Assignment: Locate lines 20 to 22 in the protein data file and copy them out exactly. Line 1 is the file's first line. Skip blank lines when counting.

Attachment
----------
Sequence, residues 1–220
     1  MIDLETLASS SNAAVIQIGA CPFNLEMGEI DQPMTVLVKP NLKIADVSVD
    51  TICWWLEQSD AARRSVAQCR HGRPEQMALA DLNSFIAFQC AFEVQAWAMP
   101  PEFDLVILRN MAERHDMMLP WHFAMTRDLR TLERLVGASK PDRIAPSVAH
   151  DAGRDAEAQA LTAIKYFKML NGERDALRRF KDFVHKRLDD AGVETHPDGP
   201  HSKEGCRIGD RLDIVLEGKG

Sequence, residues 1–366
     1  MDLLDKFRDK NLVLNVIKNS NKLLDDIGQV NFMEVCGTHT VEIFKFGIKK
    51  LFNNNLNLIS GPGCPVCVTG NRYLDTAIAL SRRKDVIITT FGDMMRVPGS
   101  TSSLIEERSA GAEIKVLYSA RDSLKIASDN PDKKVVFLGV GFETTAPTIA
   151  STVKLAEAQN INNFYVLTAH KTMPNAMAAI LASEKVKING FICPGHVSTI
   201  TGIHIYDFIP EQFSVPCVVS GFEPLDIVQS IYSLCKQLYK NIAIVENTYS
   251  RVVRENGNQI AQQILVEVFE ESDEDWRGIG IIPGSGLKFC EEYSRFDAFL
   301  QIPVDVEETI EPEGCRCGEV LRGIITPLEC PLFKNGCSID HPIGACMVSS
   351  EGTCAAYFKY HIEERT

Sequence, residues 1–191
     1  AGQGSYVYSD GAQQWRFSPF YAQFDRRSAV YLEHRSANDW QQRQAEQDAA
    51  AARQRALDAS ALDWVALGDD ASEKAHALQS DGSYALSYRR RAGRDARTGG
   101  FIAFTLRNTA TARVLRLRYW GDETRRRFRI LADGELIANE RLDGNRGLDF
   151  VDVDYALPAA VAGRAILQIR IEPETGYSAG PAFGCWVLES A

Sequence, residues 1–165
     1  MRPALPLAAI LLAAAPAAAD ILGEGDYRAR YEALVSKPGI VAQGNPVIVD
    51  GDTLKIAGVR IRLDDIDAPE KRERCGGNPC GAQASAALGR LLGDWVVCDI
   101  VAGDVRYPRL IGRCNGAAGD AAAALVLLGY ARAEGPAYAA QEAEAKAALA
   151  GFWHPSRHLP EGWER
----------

   151  VDVDYALPAA VAGRAILQIR IEPETGYSAG PAFGCWVLES A

Sequence, residues 1–165
     1  MRPALPLAAI LLAAAPAAAD ILGEGDYRAR YEALVSKPGI VAQGNPVIVD